India better than feared
India is seeing a sharper than expected economic recovery. Better growth, lower inflation and further accommodation from the central bank are a cocktail tha should support Indian assets.
Several factors are combining to create this effect. Government spending has risen, and the economy is simply recovering faster from the initial pandemic shock than initially feared. Activity indicators suggest that overall economic activity in October and November was running at about 95% of the pre-COVID run-rate. It is to be expected that the pace of further recovery will moderate to some extent, but the government’s forecast of -7.7% growth for 2021 looks too pessimistic nonetheless. A smaller contraction is on the cards.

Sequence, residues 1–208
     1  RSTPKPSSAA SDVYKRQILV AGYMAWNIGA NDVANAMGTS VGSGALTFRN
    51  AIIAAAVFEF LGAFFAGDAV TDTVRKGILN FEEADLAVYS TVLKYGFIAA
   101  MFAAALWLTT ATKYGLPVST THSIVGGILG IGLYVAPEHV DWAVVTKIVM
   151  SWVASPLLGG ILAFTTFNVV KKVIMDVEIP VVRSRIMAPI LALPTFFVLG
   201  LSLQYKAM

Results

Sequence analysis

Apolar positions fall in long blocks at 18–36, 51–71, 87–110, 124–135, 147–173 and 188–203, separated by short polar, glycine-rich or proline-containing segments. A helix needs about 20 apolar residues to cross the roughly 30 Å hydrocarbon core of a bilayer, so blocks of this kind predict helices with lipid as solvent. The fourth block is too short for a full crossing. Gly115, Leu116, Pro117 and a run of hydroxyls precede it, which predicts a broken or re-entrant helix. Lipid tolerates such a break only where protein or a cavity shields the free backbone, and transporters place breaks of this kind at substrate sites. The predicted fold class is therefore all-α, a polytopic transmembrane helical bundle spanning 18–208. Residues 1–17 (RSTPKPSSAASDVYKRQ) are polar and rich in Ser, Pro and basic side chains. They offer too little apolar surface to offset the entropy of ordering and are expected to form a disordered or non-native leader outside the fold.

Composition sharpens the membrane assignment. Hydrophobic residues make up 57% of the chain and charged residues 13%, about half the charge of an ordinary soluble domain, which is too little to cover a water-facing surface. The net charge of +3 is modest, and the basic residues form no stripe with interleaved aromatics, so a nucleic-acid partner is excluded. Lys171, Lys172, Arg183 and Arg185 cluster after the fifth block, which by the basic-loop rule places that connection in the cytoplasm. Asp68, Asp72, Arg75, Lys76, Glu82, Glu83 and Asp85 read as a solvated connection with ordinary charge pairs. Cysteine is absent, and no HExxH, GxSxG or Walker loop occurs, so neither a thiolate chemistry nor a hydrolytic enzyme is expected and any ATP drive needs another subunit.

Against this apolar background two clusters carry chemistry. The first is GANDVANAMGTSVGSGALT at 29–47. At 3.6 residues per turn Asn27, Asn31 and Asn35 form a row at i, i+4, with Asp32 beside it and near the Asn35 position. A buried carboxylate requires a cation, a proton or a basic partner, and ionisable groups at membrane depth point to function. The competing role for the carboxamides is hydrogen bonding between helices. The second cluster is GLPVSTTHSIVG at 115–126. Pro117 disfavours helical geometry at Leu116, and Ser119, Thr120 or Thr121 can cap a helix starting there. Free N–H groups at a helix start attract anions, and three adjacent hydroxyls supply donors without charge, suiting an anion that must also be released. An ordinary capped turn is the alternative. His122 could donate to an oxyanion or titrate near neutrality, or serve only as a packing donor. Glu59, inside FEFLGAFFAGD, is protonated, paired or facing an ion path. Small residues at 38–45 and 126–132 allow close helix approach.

Furthermore, a sharp decline in inflation was recorded in December, from 6.9% YoY to 4.9%. The decline was driven almost entirely by a drop in vegetable prices, which decline from very elevated levels. This will leave the Central Bank in a position to be less concerned about accommodative policy if required in the near future. In the past, it has signalled its concern about inflation when setting monetary policy.
Chart 2: Indian equities perform broadly in line with global EM
The Indian equity market has performed largely in line with EM equity index over the past year but has been weak of late. From an international investor’s perspective there’s potentially some room for modest outperformance particularly given the recent stablisation of the INR.